Search Images Maps Play YouTube News Gmail Drive More »
Sign in
Screen reader users: click this link for accessible mode. Accessible mode has the same essential features but works better with your reader.

Patents

  1. Advanced Patent Search
Publication numberUS5356343 A
Publication typeGrant
Application numberUS 07/922,070
Publication dateOct 18, 1994
Filing dateJul 29, 1992
Priority dateJul 29, 1992
Fee statusLapsed
Publication number07922070, 922070, US 5356343 A, US 5356343A, US-A-5356343, US5356343 A, US5356343A
InventorsChristopher J. Lovetere
Original AssigneeLovetere Christopher J
Export CitationBiBTeX, EndNote, RefMan
External Links: USPTO, USPTO Assignment, Espacenet
Flash magic wand
US 5356343 A
Abstract
A black magician's wand with white tips with a built in flash at one end and a triggering means contained therein. The method of triggering the flash is concealed. In one version of the wand, the flash is triggered by means of a push button switch. In another version of the invention, the flash is triggered by means of a mercury tilt switch within the wand. Manipulation of the wand through a horizontal plane causes the switch to activate the flash.
Images(2)
Previous page
Next page
Claims(10)
I claim:
1. A flash magic wand, comprising:
a generally elongated, hollow, cylindrical shaped body, having two ends, one of which is designated the light end and the other of which is designated the switch end, said light end terminating in an end cap, and said switch end terminating in an end cap;
a strobe light positioned within said light end and concealed by said end cap;
a power source contained within said wand body;
a flash circuit electrically connected to said strobe light and positioned within the wand body near to the light end, said flash circuit being electrically connected to said power source;
a power switch interconnecting said flash circuit with said power source; and
a trigger switch electrically interconnecting said flash circuit and said strobe light for causing activation of said strobe light from said flash circuit.
2. A flash magic wand in accordance with claim 1, wherein:
a portion of the light end end cap is cut away thereby forming a small window opening externally exposing the strobe light.
3. A flash magic wand in accordance with claim 2, wherein:
said power switch is positioned within said switch end and concealed by said end cap.
4. A flash magic wand in accordance with claim 3, wherein:
said trigger switch in a normally open position is physically extended through the wand body from the wand interior to the wand's exterior surface.
5. A flash magic wand in accordance with claim 4, wherein:
said power source is comprised of a plurality of cylindrical batteries positioned within the wand body on battery holders that provide spring tension for holding each battery, said battery holders being shaped to snugly fit into the internal cavity of the wand.
6. A flash magic wand in accordance with claim 5, wherein:
said trigger switch is a small, manually activated, push button, on/off power switch.
7. A flash magic wand in accordance with claim 1, wherein:
said power switch is a small, manually activated slide switch positioned within said switch end end cap.
8. A flash magic wand in accordance with claim 7, wherein:
said trigger switch is comprised of a mercury tilt switch positioned within said wand body.
9. A flash magic wand in accordance with claim 8, wherein:
said trigger switch is open when the wand body is positioned vertically and closed when the wand body is positioned horizontally.
10. A flash magic wand in accordance with claim 9, wherein:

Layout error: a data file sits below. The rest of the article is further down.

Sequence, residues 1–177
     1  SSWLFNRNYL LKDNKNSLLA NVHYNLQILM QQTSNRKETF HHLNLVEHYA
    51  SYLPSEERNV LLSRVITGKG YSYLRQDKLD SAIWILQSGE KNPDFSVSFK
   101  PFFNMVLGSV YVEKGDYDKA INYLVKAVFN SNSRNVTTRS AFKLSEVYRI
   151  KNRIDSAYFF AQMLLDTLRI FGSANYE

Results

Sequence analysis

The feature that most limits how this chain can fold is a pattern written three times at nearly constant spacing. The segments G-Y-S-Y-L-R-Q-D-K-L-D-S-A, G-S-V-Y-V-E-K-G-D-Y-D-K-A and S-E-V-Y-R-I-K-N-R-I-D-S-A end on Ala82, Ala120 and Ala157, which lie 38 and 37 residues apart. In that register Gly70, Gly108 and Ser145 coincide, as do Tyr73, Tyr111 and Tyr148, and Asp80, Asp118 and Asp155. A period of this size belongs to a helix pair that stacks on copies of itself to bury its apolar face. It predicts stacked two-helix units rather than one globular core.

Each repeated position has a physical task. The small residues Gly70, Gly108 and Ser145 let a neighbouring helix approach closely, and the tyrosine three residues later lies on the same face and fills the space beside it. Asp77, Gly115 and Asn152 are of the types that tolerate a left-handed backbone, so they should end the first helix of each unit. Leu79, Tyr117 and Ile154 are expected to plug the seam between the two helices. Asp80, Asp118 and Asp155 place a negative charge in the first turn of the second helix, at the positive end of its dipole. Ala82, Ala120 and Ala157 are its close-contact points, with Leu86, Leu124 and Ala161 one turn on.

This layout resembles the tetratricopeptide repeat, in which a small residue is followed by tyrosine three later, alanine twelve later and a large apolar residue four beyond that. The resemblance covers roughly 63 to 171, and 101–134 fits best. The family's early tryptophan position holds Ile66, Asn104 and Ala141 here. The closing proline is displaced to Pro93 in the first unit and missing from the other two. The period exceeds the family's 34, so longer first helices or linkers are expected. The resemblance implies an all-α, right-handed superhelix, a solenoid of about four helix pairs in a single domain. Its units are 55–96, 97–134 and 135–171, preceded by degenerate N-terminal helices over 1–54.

said power source is comprised of a plurality of cylindrical batteries positioned within the wand body on battery holders that provide spring tension for holding each battery, said battery holders being shaped to snugly fit into the internal cavity of the wand.
Description
BACKGROUND OF THE INVENTION

This invention relates to magic amusement devices, and in particular to a magic wand with illumination means adapted to be flashed on and off by the user.

It is an object of the present invention to provide a wand for use by magicians in which the illumination means is adapted to be flashed by the magician without disclosing the means for flashing nor the illumination means before flashing.

SUMMARY OF THE INVENTION

To attain this, the present invention provides a black wand with white tips with a built in flash at one end and a triggering means contained therein.

This together with other objects of the invention, along with various features of novelty that characterize the invention, are pointed out with particularity in the claims annexed hereto and forming a part of this disclosure. For a better understanding of the invention, its operating advantages and the specific objects attained by its uses, reference should be had to the accompanying drawings and descriptive matter in which there is illustrated a preferred embodiment of the invention.

BRIEF DESCRIPTION OF THE DRAWINGS

FIG. 1 is a perspective view of a first embodiment of a flash magic wand constructed according to the principles of the present invention;

FIG. 2 is a side elevational view, partly in section, thereof;

FIG. 3 is a perspective view of a second embodiment of the invention; and

FIG. 4 is a side elevational view, partly in section, thereof.

DETAILED DESCRIPTION OF THE INVENTION

Referring to the drawings in detail wherein like elements are indicated by like numerals, there is shown in FIGS. 1 and 2 a first embodiment of a magic wand 1 constructed according to the principles of the invention. This embodiment of the invention is intended for the stage magician who is usually at some distance from the audience. The wand 1 has a generally elongated, hollow, cylindrical shaped body 10. The body 10 has a black color and is approximately fourteen inches long. The body 10 has two ends 11, 15, one of which is designated the light end 11 and the other of which is designated the switch end 15. The light end 11 terminates in an end cap 13 having a strobe light 14 contained therein. A portion of the end cap 13 is cut away thereby forming a small window opening 12 externally exposing the strobe light 14. The switch end 15 terminates in an end cap 16 containing a small, manually activated, slide, on/off power switch 17. This switch 17 is designated as the power switch. The switch 17 is concealed by the end cap 16. It is turned on prior to a magician's show and remains on during the performance.